court’s judgment. He stated that while Aditya’s various programs were being
used in several Texas counties, only 10 percent of those counties were using
the software for imaging purposes, while the other 90 percent utilized the
software’s other properties. Mims was eager to defend the products that Aditya
provided and believes that Digital had utilized language that was too broad in
its filings against the Indian company.
“I’m in the middle of it (the suit),” said Mims when asked about the judgment.
“I’m nothing but a person selling the software to county governments here in
Texas. I was trying to upgrade four customers and ImageTech (Digital) couldn’t
get their system to work… Akhilesh fixed the software and we went forward.”
Mims also stated that he had sold the DigiFile product to
approximately 24 customers in 14 different Texas counties prior to finding out
about the lawsuit. But, he expressed that only about one third of the systems
he installed had Digital’s imaging software embedded.
On April 22, 2005, default judgment was awarded to
Digital. The court found that Argawal, and his company, had delayed the matter
repeatedly and intentionally avoided prosecution by refusing to accept
interrogatories, request for admissions, and requests for documents. Due to
Argawal’s lack of attention to the matter, the court awarded the default
judgment citing copyright infringement; awarded Digital the right to issue
cease and desist orders to anyone using DigiCourt, DigiFile, DigiRecord, or
any similar software obtained from Argawal; and granted them restitution for
damages and court costs. To date, Digital has not received any payment from
Argawal or his company.
Digital has been addressing this issue with Argawal for
the past three years and the issue remains undecided in India’s High Court of
Delhi, where Argawal filed his countersuit against Digital.
“It took until the court passed the judgment against him
before he started doing any answering of questions,” said Holforty. “We got
that default judgment because he refused to respond… so the judge finally said
to our attorney ‘file a motion for a default judgment; I’ve had enough of this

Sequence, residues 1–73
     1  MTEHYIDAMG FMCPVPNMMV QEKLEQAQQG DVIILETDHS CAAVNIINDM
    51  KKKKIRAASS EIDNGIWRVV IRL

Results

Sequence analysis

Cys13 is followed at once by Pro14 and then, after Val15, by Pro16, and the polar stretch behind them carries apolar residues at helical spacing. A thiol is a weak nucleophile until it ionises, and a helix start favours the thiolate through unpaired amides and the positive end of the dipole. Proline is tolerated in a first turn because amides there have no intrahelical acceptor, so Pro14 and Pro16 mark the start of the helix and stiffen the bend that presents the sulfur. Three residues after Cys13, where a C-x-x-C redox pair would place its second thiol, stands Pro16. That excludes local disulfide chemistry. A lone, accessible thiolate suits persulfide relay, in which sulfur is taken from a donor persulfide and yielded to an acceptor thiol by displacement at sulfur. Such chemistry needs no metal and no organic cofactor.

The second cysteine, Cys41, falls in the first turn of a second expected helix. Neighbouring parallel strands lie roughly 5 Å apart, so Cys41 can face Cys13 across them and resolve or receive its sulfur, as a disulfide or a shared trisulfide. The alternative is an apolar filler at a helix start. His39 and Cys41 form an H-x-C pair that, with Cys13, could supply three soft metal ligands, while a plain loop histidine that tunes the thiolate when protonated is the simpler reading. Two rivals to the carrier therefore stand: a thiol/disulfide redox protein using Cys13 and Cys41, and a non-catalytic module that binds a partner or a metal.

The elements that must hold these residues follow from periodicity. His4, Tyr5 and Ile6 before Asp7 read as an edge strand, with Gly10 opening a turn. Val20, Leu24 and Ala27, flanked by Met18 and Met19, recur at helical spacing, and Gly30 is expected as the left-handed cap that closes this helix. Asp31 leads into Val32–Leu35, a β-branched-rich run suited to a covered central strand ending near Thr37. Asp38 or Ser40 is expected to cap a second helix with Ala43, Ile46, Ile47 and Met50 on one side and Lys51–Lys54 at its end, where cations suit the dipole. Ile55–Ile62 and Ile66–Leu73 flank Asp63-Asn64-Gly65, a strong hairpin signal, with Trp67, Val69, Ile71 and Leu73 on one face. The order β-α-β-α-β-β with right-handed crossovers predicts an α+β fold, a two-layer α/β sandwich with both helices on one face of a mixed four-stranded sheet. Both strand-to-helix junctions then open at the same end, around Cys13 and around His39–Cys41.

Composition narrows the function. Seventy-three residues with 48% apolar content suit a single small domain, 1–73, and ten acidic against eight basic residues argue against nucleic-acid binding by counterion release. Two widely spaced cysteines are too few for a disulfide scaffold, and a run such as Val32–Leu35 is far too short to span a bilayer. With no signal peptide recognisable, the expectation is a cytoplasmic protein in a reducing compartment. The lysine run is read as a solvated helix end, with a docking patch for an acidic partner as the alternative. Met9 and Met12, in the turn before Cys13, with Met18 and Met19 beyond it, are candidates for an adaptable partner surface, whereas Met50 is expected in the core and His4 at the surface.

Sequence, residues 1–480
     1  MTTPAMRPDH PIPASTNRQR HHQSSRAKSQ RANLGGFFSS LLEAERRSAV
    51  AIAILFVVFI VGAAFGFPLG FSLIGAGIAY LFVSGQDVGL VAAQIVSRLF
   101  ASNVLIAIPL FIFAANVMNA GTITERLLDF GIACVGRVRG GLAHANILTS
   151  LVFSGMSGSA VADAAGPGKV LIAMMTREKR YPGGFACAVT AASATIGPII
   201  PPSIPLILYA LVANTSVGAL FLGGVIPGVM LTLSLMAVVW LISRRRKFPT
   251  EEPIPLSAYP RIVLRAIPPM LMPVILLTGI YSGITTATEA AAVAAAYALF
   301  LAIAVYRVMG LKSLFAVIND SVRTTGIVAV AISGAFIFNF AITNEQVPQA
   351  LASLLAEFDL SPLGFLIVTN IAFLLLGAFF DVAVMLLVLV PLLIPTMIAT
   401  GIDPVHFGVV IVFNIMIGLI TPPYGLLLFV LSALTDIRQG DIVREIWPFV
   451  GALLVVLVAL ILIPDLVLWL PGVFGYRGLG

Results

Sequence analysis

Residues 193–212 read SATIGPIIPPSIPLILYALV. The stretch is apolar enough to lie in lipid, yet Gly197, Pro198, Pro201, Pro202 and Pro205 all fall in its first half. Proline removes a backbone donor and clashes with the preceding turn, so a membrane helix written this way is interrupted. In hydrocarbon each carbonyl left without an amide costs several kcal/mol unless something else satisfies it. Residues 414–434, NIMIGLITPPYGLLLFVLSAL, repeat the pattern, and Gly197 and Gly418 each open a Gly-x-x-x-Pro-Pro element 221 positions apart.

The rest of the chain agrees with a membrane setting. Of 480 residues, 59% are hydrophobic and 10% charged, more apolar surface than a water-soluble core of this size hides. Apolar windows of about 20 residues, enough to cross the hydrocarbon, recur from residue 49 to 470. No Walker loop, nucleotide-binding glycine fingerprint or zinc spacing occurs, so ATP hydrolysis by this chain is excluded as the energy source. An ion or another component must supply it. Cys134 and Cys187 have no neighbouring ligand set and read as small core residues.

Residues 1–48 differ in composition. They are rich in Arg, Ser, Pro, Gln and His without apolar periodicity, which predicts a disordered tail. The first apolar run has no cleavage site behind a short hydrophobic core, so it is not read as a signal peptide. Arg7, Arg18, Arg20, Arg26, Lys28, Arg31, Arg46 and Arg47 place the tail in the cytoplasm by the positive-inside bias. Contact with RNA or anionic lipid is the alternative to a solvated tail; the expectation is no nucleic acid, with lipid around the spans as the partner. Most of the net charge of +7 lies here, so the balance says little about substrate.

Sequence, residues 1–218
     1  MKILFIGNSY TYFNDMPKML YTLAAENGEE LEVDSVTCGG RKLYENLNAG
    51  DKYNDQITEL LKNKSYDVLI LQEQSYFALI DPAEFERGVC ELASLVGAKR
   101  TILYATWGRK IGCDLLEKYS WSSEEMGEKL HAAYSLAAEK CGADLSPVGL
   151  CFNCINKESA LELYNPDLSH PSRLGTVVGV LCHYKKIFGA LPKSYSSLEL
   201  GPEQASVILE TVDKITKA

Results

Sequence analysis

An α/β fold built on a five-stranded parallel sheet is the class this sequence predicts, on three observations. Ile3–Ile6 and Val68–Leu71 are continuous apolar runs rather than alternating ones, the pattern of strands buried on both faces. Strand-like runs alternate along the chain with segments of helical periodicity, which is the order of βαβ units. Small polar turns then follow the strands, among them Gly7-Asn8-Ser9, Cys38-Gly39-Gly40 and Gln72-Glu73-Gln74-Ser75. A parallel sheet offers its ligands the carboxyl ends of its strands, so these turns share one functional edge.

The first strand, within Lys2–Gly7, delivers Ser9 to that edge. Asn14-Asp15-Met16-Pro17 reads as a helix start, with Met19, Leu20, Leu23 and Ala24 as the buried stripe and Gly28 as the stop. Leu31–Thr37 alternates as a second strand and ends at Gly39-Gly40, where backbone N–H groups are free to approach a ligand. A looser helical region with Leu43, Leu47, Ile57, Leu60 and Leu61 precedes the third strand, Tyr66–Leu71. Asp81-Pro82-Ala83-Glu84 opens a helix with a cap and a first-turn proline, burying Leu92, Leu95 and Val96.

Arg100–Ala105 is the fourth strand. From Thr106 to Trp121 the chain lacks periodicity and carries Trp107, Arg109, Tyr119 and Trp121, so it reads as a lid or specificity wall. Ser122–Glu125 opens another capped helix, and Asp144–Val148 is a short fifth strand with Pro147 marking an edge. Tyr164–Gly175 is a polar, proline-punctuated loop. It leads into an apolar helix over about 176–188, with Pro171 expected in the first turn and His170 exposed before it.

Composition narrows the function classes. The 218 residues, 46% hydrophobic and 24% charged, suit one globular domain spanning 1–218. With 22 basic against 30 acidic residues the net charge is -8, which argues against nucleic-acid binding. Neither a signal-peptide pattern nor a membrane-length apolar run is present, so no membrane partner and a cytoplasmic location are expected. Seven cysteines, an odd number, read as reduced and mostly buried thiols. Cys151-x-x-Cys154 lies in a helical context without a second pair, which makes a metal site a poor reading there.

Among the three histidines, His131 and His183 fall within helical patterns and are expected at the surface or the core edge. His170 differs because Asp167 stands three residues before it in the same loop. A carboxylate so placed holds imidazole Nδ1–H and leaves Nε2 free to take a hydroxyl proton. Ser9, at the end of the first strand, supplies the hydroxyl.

from him’. All of a sudden he is realizing this is serious. If this ever goes
to another trial, he is going to have a hard time.”
Although Holforty has contacted the various parties that
she believes were utilizing Aditya’s software, not one has responded
proactively to the court order. She stated that she has faxed each licensee
and offered to produce software programs for the clients that are independent
of DigiFile, DigiCourt, and DigiRecord. Digital offered not to impound the
software until it was replaced and would provide help desk support if a
majority of the outstanding 118 licenses participated in the program. If they
chose not to participate, Holforty asked that they remove the programs from
“I spoke to a few on the phone – one said she had paid
for it and would use it as long as she wanted while another said it was only a
default judgment and she was having new programs installed for free,” said
Holforty. “Many did not return my call… I told each of them that they and our
company were victims of Akhilesh, that we did not want to disrupt their court
procedures, and they could continue to use the software until I contacted them
with a solution. Akhilesh stole over 12 years of development in the one year
he was being paid by us. A criminal act - pure and simple - and it should not
Source of Title attempted to contact several of the
counties where Holforty believes the pirated software is still being used;
none returned calls, however, prior to publication date. According to Mims,
other software vendors have begun imaging for the counties and have gained the
customers that he lost. Because a decision has not yet been determined in
India’s High Court of Delhi, Source of Title will continue to cover this issue
and bring members the results as they develop.
© 2005, Source of Title
Source of Title
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Note: News for Public Officials has prepared a special report on this